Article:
William Murray and James Spriggs were both brought up as offenders against the Excise Act. The prosecution – led by officers from the Inland Revenue – alleged that the men had been carrying out the business of pawnbrokers without have the required license to do so. The pair were trading as chandlers (sellers of all sorts of cheap goods) rather than pawnbrokers, but were proven to have extended loans to local people in the East End in exactly the same way as ‘brokers operated.

It was a well executed investigation and both men were duly convicted. The magistrate, Mr Leigh, handed down fines of £12 10plus costs to each man, the minimum he was obliged to levy. Each was warned that a failure to pay would result in them going to prison for a month.

The excisemen reported that they had been investigation many more instances of this sort of offence in recent months, and mostly in East London. These two shopkeepers were ‘ostensibly’ chandlers in Bethnal Green – hardly a well paid occupation – but both could afford to employ a lawyer to defend them. They were doing very well out of this sideline to the day job.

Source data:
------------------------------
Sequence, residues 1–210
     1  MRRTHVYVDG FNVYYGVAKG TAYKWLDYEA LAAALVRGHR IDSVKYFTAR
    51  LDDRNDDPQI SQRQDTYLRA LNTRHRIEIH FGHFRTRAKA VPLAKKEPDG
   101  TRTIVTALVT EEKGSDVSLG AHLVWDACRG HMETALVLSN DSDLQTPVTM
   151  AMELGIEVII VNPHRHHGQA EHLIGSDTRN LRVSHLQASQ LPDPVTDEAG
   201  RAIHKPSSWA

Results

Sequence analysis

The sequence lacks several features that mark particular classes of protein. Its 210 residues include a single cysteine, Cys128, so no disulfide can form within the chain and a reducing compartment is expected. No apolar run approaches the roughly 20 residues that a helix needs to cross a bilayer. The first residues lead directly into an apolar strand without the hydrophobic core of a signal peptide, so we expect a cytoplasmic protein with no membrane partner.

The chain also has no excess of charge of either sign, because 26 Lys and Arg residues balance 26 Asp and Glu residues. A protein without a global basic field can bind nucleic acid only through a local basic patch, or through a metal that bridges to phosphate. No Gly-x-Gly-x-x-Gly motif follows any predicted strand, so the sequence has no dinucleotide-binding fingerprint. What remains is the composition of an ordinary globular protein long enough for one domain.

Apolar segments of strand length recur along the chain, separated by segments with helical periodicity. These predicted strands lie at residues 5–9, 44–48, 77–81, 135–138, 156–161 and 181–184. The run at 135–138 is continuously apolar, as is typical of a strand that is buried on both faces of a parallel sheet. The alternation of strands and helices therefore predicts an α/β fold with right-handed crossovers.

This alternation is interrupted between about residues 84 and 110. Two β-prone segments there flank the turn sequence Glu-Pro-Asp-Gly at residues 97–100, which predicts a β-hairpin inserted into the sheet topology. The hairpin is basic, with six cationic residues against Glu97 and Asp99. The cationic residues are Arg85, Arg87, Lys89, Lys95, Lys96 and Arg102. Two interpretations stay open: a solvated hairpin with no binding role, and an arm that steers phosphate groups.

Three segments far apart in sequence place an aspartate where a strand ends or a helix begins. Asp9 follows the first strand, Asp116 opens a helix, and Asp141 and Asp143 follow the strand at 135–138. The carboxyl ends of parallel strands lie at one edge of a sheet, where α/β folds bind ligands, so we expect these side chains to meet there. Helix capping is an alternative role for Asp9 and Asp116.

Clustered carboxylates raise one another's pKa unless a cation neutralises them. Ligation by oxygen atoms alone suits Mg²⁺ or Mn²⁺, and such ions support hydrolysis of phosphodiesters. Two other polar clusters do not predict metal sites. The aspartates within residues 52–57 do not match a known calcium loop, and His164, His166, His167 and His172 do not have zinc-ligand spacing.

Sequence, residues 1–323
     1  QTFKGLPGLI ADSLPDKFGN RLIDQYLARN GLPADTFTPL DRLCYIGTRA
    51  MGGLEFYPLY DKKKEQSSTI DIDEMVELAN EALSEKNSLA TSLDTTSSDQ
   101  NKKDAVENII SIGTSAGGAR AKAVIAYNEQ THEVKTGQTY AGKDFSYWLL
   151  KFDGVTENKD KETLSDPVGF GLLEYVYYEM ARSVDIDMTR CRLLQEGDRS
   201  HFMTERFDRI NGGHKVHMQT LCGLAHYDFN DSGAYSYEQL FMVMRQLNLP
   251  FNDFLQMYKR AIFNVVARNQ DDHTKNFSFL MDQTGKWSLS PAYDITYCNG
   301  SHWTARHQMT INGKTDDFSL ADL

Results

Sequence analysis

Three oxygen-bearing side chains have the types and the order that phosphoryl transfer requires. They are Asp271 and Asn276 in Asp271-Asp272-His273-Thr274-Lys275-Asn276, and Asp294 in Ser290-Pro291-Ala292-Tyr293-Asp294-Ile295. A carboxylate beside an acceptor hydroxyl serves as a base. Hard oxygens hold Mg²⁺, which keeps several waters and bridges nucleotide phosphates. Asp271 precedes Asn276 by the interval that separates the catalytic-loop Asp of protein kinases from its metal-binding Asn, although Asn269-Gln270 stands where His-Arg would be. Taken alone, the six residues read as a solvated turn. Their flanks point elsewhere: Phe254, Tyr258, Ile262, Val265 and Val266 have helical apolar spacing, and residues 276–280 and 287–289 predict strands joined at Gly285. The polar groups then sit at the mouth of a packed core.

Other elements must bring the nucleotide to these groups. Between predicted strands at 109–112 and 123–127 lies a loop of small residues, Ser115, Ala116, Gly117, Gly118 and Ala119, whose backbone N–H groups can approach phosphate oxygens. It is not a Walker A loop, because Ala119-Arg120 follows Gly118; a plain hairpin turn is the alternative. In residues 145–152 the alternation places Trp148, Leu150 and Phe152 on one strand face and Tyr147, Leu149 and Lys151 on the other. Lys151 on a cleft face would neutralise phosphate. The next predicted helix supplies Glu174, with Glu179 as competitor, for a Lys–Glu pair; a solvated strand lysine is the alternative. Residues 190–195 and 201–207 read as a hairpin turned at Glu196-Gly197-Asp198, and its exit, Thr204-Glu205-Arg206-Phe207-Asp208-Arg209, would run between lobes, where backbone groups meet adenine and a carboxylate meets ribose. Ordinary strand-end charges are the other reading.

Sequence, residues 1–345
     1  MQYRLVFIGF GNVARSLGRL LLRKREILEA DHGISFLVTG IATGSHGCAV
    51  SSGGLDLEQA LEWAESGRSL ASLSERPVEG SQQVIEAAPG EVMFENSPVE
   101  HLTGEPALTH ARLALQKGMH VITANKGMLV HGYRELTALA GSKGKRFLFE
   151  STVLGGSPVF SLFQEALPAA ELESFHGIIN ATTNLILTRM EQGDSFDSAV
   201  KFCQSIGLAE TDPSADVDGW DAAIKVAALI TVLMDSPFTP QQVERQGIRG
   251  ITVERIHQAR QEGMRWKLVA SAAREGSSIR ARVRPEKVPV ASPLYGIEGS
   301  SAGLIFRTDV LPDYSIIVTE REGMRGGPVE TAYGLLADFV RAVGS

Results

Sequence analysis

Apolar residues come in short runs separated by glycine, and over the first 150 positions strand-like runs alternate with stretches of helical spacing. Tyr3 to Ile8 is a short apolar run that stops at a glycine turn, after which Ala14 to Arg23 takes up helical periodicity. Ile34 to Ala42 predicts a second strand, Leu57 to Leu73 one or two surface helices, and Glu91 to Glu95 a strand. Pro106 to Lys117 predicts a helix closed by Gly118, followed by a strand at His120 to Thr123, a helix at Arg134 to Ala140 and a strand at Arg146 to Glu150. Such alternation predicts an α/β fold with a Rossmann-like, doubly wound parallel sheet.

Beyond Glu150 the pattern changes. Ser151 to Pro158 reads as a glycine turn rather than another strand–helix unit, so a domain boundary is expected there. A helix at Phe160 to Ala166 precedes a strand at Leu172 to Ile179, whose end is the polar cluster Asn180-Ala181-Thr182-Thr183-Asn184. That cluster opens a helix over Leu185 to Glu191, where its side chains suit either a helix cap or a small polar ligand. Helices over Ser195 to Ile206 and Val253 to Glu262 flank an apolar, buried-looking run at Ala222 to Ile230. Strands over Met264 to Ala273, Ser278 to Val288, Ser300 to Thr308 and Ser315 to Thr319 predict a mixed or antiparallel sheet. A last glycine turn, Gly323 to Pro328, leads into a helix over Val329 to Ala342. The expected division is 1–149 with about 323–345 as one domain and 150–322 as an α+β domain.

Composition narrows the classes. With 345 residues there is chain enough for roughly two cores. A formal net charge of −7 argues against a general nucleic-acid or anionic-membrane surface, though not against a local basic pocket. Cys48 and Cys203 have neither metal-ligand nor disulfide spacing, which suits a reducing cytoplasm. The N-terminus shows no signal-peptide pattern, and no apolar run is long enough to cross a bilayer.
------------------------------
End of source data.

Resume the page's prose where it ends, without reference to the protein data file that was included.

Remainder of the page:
The court was told that there were plenty of ‘leaving shops’ in East London where the poorest could get short or medium term loans at very high interest by pledging their possessions as security. The magistracy were aware of it and two justices in particular, Mr Beard and Mr Abbott, condemned the practice and assured the public that they would be prepared to inflict the maximum penalty of £50 on offenders.

It strikes me that leaving shops were operating very much like the high interest pay day loan companies like Wonga, which today offer (or used to offer in Wonga’s case) much needed cash but at huge cost in terms of interest. These companies profit from the very poorest in society and the same practice, albeit a less sophisticated version, was taking place in the 1860s.

Plus câ change, eh?

[from The Standard, Monday, September 22, 1862]

‘If you had been pursued all over London and were hated by the government, you would wish to shoot yourself’: drama at Bow Street as a respectable citizen tries to take his own life.

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This story is both sad and dramatic as it concerns a man’s very public attempt at suicide. Most of the cases that I’ve written about previously that have involved suicide have been women and most of those have chosen to end their lives by throwing themselves into the River Thames or one of the canals that ran through the capital. Most were prevented by quick-thinking policemen or passers-by and ended up before magistrates because attempting to take one’s life was against the law in the 1800s.